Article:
Outdoors

North Cascades bioblitz a success

During 14 days of plant and animal inventories this summer, North Cascades National Park employees and volunteers documented more than 135 animal, insect and plant species.

Staffers and volunteers were looking at plants, animals and insects in subalpine and alpine areas to establish baseline data for future evaluations as the park continues its study of the effects of warming climates on cold-adapted biota.

Here is a recap of the bioblitz:

The day after the July 12 kickoff seminars, citizen scientists joined experts and did inventories of invertebrates, lichens and watermelon snow, Chlamydomonas nivali, near Cascade Pass.

In August, Judy Harpel of the University of British Columbia led a moss workshop and a moss crawl. Citizen volunteers had the chance to see bug-on-a- stick moss, Buxbaumia viridis, which Harpel said many bryologists are never lucky enough to see. Although identifications are ongoing, at least 58 moss species were observed including a range extension of 40 miles for one species of moss.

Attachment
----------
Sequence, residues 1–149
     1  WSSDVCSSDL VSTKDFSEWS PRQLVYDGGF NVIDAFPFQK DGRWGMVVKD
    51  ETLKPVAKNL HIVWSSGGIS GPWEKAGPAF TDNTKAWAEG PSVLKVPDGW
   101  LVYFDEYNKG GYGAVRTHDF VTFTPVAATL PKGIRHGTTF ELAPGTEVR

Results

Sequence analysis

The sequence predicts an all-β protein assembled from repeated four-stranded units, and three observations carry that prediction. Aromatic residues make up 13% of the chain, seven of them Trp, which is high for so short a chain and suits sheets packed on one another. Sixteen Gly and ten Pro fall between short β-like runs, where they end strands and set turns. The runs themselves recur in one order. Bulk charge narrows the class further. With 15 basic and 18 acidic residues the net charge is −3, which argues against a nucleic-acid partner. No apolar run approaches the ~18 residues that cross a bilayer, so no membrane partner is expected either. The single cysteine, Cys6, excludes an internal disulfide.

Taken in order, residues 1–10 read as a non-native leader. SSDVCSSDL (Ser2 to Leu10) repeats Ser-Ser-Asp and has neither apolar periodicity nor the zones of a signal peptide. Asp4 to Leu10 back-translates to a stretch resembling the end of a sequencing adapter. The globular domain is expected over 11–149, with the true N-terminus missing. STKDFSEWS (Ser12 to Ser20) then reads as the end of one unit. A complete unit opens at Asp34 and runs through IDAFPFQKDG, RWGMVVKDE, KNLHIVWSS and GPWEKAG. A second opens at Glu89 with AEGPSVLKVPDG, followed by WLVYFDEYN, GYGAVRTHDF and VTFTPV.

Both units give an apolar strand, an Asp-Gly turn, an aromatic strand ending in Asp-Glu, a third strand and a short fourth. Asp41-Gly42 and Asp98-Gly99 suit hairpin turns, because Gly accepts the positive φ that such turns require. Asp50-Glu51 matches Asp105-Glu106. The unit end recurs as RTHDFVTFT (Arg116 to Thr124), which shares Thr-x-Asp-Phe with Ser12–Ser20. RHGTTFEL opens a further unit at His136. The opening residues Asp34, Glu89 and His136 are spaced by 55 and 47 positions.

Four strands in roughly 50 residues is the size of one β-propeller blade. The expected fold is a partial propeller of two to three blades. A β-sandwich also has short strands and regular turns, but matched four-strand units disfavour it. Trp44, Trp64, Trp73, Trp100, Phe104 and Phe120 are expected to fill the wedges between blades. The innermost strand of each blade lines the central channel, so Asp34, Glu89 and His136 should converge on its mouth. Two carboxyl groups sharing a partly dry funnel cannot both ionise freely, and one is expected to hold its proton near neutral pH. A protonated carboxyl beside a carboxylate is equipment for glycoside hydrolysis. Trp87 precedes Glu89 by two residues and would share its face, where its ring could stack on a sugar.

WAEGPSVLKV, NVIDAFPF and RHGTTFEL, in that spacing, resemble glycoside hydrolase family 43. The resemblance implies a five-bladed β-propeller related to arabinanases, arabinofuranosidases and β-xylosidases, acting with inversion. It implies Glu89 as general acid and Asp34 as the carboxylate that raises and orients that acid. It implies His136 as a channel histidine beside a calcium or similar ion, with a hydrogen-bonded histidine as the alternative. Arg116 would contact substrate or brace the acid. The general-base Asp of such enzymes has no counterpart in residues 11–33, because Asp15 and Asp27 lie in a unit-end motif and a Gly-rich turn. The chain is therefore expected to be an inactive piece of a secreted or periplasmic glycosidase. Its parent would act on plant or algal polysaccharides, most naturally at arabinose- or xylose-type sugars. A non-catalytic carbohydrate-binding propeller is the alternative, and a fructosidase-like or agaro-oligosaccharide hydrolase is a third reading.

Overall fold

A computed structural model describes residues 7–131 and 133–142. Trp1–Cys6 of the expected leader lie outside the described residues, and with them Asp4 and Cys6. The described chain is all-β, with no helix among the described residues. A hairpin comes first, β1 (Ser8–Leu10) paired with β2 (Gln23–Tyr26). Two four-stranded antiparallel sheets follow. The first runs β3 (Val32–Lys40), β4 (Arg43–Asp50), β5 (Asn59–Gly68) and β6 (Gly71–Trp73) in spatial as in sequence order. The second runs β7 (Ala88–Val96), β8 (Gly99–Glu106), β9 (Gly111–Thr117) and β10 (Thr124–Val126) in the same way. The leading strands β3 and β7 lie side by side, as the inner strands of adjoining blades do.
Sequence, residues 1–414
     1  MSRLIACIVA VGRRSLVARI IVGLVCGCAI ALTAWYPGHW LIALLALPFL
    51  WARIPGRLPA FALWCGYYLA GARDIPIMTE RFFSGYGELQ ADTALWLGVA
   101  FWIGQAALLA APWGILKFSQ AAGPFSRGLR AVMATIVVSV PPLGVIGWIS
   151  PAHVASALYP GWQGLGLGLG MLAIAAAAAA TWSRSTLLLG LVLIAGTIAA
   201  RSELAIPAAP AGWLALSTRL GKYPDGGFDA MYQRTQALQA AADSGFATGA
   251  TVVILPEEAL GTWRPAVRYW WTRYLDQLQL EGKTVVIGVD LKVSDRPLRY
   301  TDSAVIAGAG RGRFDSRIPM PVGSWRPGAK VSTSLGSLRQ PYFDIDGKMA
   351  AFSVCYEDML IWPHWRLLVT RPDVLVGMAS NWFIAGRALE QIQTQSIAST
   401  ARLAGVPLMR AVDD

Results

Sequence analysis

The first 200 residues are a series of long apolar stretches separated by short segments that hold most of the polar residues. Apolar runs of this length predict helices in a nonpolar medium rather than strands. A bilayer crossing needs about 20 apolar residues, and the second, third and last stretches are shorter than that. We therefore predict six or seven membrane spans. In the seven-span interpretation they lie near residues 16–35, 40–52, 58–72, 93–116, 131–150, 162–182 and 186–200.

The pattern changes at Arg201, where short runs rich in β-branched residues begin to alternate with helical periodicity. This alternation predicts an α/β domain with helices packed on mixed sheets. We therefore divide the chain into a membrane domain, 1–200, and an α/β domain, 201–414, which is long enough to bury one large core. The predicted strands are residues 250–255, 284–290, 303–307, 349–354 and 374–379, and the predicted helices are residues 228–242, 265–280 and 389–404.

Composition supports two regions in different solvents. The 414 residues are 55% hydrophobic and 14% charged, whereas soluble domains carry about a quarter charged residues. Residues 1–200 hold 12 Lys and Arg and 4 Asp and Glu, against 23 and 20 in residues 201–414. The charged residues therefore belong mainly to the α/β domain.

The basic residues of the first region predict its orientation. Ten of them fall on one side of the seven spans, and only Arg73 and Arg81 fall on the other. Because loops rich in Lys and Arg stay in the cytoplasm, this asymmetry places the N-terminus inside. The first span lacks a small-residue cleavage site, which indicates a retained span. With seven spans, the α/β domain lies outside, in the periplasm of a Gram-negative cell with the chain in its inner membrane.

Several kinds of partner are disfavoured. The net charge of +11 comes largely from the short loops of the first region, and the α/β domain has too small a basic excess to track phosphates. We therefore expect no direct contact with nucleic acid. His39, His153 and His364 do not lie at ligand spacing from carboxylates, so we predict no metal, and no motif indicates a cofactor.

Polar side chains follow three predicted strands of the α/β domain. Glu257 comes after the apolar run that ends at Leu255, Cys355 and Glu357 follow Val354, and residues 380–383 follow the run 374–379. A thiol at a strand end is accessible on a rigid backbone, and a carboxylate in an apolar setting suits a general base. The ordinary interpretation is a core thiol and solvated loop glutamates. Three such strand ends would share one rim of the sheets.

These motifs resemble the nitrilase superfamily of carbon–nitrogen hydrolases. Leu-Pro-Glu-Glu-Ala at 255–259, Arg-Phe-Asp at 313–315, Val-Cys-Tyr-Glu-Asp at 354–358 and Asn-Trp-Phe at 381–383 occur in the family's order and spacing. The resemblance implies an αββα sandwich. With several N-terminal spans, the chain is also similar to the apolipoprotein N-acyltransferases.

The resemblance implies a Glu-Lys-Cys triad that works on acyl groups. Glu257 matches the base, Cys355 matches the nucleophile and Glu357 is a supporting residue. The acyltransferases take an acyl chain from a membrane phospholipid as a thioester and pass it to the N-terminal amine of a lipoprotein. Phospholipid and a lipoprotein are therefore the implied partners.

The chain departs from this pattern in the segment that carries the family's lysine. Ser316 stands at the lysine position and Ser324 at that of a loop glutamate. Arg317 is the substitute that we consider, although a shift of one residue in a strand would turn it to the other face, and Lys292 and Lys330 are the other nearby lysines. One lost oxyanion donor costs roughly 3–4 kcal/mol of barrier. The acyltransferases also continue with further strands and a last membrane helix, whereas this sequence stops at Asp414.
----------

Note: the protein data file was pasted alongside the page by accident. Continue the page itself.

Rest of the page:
Jessica Rykken of Harvard University and her team of citizen scientists visited 28 sites in two weeks and collected 700 specimens. While the majority of specimens have yet to be identified, one early interesting find was a bumblebee, Bombus flavidus, a record for North Cascades.

Bats, moths, and butterflies rounded out the bioblitz and yielded observations of three bat species, 48 moths and 18 butterflies, according to a park news release.

Overall, 17 volunteers joined the iNaturalist project and provided 311 observations of 136 species.

So far 220 species have been documented, but identification of bees, moths, mosses and lichens continues (136 on iNaturalist, 48 moths, 12 snow beetles, three bats, four bees, 18 butterflies). As for new species for the park lists, participants documented 80 taxa — 48 moths, nine snow beetles, four bees, one moss species, 18 butterflies, according to the release.

As of yet, no species new to science have been found, but two range extensions — one moth and one moss — and a first documentation of honeybees (exotic) in a subalpine area have been recorded, the report said.

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